Chad Perrin: SOB

17 October 2006

this morning’s blog spam irony

Filed under: Humor,Metalog — apotheon @ 06:48

There are, I’ve noticed, some patters to weblog comment spam. One indicator is a very generic positive comment that could be applied to basically any weblog post anywhere — which is probably important if you want your weblog spam to look like a legitimate comment while still letting your spambot do the posting for you. Another indicator is when the post to which a particular comment responds is six months old and more than a hundred posts ago. Yet another is an obviously commercial website URL entered into the URL field for the comment, the idea of course being that the “name” used for the comment post will be turned into a link to that URL (generating increased Google PageRank and hopefully luring click-happy tourists in the weblog to that commercial website). There are a number of other indicators as well, and they’re just indicators (not hard-and-fast rules for identifying weblog spam) but those are a small sampling that are particularly relevant this morning.

This morning, those three indicators converged in a single attempt to spam SOB. The text of the spam comment (which of course went straight into the moderation queue rather than being displayed) was:

Good observation, your ideas are right on.

I won’t reproduce the URL here, because I don’t care to reward spammers, but it was clearly commercial and had something to do with outsourcing. The post to which it attempted to reply, though, was what made this instance of attempted weblog comment spam so deliciously ironic: a bit about the blog spam situation

Ain’t life grand?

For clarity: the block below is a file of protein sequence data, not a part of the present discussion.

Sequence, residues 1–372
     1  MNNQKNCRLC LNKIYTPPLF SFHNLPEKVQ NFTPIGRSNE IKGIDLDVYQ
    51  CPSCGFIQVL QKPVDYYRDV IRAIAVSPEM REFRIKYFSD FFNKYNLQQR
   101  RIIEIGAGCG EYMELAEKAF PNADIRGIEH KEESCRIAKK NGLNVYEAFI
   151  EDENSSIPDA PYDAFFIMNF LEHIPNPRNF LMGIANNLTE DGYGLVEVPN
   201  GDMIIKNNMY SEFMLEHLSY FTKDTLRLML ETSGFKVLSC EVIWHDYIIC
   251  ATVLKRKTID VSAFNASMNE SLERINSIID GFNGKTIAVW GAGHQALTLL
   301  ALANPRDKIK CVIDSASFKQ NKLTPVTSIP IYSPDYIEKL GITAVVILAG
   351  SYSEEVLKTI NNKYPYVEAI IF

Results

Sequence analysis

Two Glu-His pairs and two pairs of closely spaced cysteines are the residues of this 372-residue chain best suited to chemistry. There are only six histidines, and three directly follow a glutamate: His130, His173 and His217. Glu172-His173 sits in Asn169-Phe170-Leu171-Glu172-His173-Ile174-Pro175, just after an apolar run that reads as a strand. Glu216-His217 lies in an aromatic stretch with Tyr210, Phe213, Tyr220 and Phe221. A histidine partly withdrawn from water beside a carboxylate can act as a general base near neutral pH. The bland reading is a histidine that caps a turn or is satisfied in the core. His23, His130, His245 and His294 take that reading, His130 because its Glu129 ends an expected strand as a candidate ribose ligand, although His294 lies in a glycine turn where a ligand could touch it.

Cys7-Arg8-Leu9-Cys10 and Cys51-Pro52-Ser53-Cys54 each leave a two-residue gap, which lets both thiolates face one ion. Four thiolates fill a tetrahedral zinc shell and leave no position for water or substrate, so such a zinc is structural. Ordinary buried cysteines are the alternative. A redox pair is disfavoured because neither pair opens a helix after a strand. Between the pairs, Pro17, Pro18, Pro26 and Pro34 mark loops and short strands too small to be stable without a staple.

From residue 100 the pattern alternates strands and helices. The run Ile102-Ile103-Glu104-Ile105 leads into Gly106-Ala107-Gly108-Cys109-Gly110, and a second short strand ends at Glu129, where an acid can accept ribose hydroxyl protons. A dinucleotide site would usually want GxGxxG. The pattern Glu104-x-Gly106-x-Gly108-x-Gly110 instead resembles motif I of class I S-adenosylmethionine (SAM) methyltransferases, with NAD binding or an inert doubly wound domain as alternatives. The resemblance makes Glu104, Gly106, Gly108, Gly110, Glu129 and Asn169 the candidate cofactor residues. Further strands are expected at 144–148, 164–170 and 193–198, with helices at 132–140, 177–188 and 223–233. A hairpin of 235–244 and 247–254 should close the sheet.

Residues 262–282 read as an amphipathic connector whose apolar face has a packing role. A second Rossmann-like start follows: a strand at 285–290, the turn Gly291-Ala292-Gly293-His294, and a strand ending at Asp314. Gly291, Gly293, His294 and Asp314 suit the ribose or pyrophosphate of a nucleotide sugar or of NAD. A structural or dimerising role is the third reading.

a “free” nation without habeas corpus

Filed under: Cognition,Liberty — apotheon @ 12:37

In reading a short statement by good friend Sterling, in response to my own most recent SOB entry at links for 2006-10-17, a thought occurred to me. His statement was:

The opposing argument: requiring the Writ would slow down anti-terrorist operations. I say, let them be slowed. Take care of individual liberties — or why defend America?

He asked a question that is pretty much always asked rhetorically, and I think it was in this case as well. For a brief, brilliant moment, though, I considered it as though it were asked in earnest. I realized there is an answer to this question, a serious answer, and that answer lies at the root of the George W. Bush popular voter support that got him into office and kept him there.

The politicians’ motives can be measured in the same cynical fashion we’re inclined to, as always, of course. The people who have voted for Bush and Friends, who will continue to vote for them, and who will argue in favor of the suspension of habeas corpus and the use of torture in interrogations of the potentially innocent, however, have a different and very easily identified motive, if you stop to think about it from the correct perspective.

The problem with the idea of asking why it’s even worthwhile to defend America from terrorists if we cannot keep it free is that the people who support such legislation as the USA PATRIOT Act and the Military Commissions Act do not define “free” the same way the rest of us do (except in the rare case of someone who just doesn’t care about the word “free” in this country, and only cares about strength). Somehow, in their minds, “free” is an outgrowth of something else that is very clearly and obviously at the end of these legislative policies:


They want a Christian nation. As far as they’re concerned, this is already a Christian nation in spirit, and they just want to make it a Christian nation in law and structure. Anything that stands in the way of that — anything at all — is fair game. There’s no “benefit of the doubt” in judging the right or wrong of an act: if you cannot be certain ethically whether something someone did is right or wrong, your uncertainty will not slow them for an instant. All they care about is morality, in the hard-right Christian tradition of moral good and evil. They see no distinction between social necessity in an empirical world and moral necessity in a Biblical world.